The last twenty or thirty years have seen an increase in the number of people buying homes together, even though they are not married.

As the cost of property in the UK increases more of us are finding we are unable to buy even the most humble of homes, especially in the South East of England and other property ‘hotspots’. As a result, more and more of us are buying their first property with one or more friends as a first step onto the property ladder.

If you are one of these people, here are a few tips to consider when buying a home;

Do you trust your co-purchaser ? Then have ‘the conversation’.

Hopefully the answer to this is ‘yes’! Make sure you buy with someone you know well and whom you trust. Ideally, you are already living with them and know that you can stomach living together! It’s amazing how many friends fall out when they start living in each other’s space 24/7.

It should go without saying that the whole thing needs to be dealt with by a lawyer that has your own interests at heart, but it goes deeper than that. Make sure you have discussed clearly the house rules and the rules in the event that one of you hasa change of circumstances and wants to move out - and make sure these things are agreed - legally. This might mean each of you needs their own legal representative although some lawyers may be willing to act for you both in certain circumstances.

Decide who is paying for what and who owns what.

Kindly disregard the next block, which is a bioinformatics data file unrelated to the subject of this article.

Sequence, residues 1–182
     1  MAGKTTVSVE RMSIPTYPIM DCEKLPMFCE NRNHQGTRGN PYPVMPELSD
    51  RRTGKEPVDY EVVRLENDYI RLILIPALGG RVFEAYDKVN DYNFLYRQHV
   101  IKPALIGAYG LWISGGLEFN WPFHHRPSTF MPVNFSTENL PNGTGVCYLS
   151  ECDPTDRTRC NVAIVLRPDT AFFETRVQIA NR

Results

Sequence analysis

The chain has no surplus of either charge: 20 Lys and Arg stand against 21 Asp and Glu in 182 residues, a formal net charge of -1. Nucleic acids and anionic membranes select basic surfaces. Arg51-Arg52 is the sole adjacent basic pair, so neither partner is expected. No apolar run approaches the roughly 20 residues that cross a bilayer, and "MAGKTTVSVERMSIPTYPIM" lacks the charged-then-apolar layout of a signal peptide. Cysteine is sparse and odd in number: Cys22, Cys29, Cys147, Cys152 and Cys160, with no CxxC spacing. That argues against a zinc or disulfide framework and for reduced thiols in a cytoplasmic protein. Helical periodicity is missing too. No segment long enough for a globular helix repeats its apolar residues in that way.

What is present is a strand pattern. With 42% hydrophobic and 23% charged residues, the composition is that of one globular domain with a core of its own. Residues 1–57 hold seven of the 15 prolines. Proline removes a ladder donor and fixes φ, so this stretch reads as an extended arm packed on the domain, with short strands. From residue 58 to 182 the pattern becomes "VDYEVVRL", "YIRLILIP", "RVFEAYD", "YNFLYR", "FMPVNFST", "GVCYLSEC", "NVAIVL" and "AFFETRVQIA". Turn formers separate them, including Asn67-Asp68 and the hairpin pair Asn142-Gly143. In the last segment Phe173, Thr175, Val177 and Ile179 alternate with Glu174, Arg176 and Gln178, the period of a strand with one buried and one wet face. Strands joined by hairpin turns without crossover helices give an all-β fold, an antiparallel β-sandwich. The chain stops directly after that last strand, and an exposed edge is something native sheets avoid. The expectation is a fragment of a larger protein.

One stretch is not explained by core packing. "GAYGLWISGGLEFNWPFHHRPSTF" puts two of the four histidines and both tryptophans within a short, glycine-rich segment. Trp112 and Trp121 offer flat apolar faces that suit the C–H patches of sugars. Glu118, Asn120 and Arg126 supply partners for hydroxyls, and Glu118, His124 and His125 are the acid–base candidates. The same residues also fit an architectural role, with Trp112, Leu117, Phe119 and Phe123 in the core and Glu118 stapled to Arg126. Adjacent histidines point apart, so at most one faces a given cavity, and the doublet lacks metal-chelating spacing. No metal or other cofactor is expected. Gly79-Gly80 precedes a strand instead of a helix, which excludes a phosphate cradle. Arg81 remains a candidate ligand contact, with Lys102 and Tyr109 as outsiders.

This is critical. If one of you is putting down a larger deposit remember that you are potentially taking a much larger risk. If the home is repossessed, you stand to lose all or part of that deposit, as well as your home. If your co-owner is making a larger contribution to the mortgage repayments then that’s fine, but if they stop paying, you are still required to pay the mortgage. If the mortgage isn’t paid you stand to lose your home and perhaps your deposit too. If you are joint mortgagors then you are likely both liable for each other's debt to that lender.

Presumably you will both share the cost of utilities? Make sure this is discussed and agreed. What about purchase costs, stamp duty land tax, etc? Put it in writing and advice your lawyer accordingly. That way there is less likely to be an honest misunderstanding later.

Joint Tenants or Tenants in Common?

This is an important decision and one which needs careful consideration.

A joint tenant has equal rights to the whole property and if one of you dies, the other automatically inherits the whole property. Also, a joint tenant cannot pass on his or her half-share of the property to someone else in their will.

Whereas a tenant in common does not necessarily own equal shares in a property. For example, you might own 75 per cent and your co-owner might own 25 per cent. Their share does not automatically go to you (and vice versa) in the event of their death. They can leave it to someone else in their will if they wish.

This will be evidenced by your lawyer in what is called a Declaration of Trust. Either way, you can always agree to change the way you own the property later.

It might be desirable for a happily married couple to be joint tenants because upon the death of one spouse the ownership of the home automatically passes to the other spouse. This generally makes things much simpler in probate or even makes probate unnecessary. But just because you are happily married does not mean you should be joint tenants!